Certification of Class Actions and Supplemental Jurisdiction – District Court Improperly Denied Class Certification of State Law Claimants Who Did Not Opt In to Federal Class Action Under FLSA (Fair Labor Standards Act) D.C. Circuit Holds
The FLSA (Fair Labor Standards Act) requires that potential class members affirmatively opt in to class actions based on the overtime pay provision. See 29 U.S.C. §§ 207, 216(b). Certain class actions under Federal Rules of Civil Procedure Rule 23, however, require that potential class members opt out of class action cases. See Fed.R.Civ.Proc., Rule 23(b)(3), ©(2)(B). On May 26, 2006, the D.C. Circuit Court of Appeals held as a matter of first impression that the district court erred in refusing to exercise supplemental jurisdiction over the claim of, and in denying class action certification to, those state law class action claimants who did not also opt in to a FLSA overtime class action. Lindsay v. Government Employees Ins. Co., 448 F.3d 416 (D.C. Cir. 2006).
Plaintiffs filed a putative class action alleging that GEICO willfully misclassified certain employees as “administrative” in order to avoid paying them overtime in violation of FLSA, 29 U.S.C. § 207(a), and sought certification to pursue an opt in class action under FLSA. Lindsay, at 418. Plaintiffs also alleged that GEICO’s conduct violated New York’s Minimum Wage Act, N.Y. Labor Law, §§ 650 et seq., and sought certification to pursue an opt out class action pursuant to Rule 23. Id. As the D.C. Circuit summarized at page 418:
The district court denied certification of the state law class, concluding that the FLSA class certification procedure requiring all class members to affirmatively opt in precluded it from exercising supplemental jurisdiction over those state law claimants who did not affirmatively join the FLSA claim. We disagree and therefore reverse the order denying certification and remand to the district court.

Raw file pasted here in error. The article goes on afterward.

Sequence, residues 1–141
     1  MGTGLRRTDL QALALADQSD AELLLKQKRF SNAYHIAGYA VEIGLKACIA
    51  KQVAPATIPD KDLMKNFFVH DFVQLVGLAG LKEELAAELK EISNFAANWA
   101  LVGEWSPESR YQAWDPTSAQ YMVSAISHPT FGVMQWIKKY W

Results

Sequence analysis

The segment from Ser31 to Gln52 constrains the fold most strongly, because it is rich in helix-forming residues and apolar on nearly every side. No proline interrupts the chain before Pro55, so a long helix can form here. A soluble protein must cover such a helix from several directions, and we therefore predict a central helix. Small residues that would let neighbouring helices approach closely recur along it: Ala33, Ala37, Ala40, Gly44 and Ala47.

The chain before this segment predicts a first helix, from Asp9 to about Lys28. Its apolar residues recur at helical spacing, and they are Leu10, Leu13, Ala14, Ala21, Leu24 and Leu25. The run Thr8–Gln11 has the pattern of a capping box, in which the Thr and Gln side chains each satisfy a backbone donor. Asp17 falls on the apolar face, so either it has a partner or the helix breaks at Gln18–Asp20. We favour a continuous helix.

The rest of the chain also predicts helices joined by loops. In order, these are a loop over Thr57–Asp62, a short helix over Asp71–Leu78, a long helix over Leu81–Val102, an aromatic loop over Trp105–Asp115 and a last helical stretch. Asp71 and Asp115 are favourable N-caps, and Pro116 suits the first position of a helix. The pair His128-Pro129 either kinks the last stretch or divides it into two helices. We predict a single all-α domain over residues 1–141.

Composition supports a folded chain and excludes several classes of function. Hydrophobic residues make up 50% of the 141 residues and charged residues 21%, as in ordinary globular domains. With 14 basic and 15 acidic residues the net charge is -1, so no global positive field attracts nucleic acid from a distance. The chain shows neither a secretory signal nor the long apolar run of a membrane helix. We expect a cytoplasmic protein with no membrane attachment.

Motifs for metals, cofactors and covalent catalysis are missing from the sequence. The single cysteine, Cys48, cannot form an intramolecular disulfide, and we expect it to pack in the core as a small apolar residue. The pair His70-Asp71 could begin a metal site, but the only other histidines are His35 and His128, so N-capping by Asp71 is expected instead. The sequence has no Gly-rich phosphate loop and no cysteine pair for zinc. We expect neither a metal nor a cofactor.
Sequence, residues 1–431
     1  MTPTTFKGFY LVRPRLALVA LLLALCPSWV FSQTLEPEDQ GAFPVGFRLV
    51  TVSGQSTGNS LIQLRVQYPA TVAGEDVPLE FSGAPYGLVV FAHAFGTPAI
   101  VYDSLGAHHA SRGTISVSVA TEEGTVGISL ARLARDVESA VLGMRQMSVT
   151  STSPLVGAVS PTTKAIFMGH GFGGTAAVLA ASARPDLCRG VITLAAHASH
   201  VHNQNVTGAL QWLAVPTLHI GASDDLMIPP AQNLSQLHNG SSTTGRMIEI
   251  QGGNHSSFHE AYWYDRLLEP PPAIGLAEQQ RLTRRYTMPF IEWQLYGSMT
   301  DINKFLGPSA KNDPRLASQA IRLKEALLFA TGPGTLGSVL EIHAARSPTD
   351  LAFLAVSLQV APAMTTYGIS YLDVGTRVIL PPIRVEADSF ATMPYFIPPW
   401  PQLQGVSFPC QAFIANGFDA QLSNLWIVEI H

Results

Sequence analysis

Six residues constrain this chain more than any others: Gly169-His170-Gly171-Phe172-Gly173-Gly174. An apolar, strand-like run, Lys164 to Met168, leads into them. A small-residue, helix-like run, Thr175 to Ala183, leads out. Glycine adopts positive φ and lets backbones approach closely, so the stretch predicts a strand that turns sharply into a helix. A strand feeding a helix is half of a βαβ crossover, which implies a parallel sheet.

The Circuit Court appreciated fully the confusion faced by the district court: the FLSA claim required class members to affirmatively opt in to be part of the class action against GEICO, id., at 418-19; Rule 23 required class members affirmatively opt out of the state law class action against GEICO, id., at 419-20.
First noting that “[t]his Circuit has yet to address the question of supplemental jurisdiction in the context of a federal opt-in class and a state opt-out class,” the district court briefly surveyed the decisions from other courts-both district and circuit-and ultimately concluded that “it would be inappropriate to exercise jurisdiction over plaintiffs who have not affirmatively opted into the federal action.” [Lindsay v. Gov’t Employees Ins. Co., 355 F.Supp.2d 119, 120, 121 (D.D.C. 2004).] Thus, it decided to exercise its supplemental jurisdiction over only the state law claims “of plaintiff McGruder and any New York plaintiff who is eligible to opt into the federal action and opts in by filing a notice of consent.” Id. at 123.
448 F.3d at 420 (italics added). But after a detailed analysis of supplemental jurisdiction under 28 U.S.C. § 1367(a), id., at 420-22, the D.C. Circuit held that the district court erred in denying “class certification based on its decision not to exercise supplemental jurisdiction” and “reverse[d] the district court’s denial of class certification to the state law claimants who did not also opt into the FLSA claim,” id., at 420, 424.
Lindsay also rejected GEICO’s claim “that the state law claims … are not part of the same case or controversy as the FLSA claims.” Id., at 422-23. The Court easily concluded “that the two claims ‘derive from a common nucleus of operative fact’ and thus form part of the same Article III case or controversy.” Id., at 424. And in the Circuit Court’s view, “so long as the district court has original jurisdiction over a single claim, it may exercise supplemental jurisdiction over any additional claim that forms part of the same Article III case or controversy.” Id., at 423.
NOTE: In addressing GEICO’s argument that the opt-in procedure under FLSA and the opt-out procedure under Rule 23 created a conflict, the D.C. Circuit concluded that the conflict was merely procedural: “While there is unquestionably a difference-indeed, an opposite requirement-between opt-in and opt-out procedures, we doubt that a mere procedural difference can curtail section 1367’s jurisdictional sweep.” Lindsay, 448 F.3d at 424 (italics in original).
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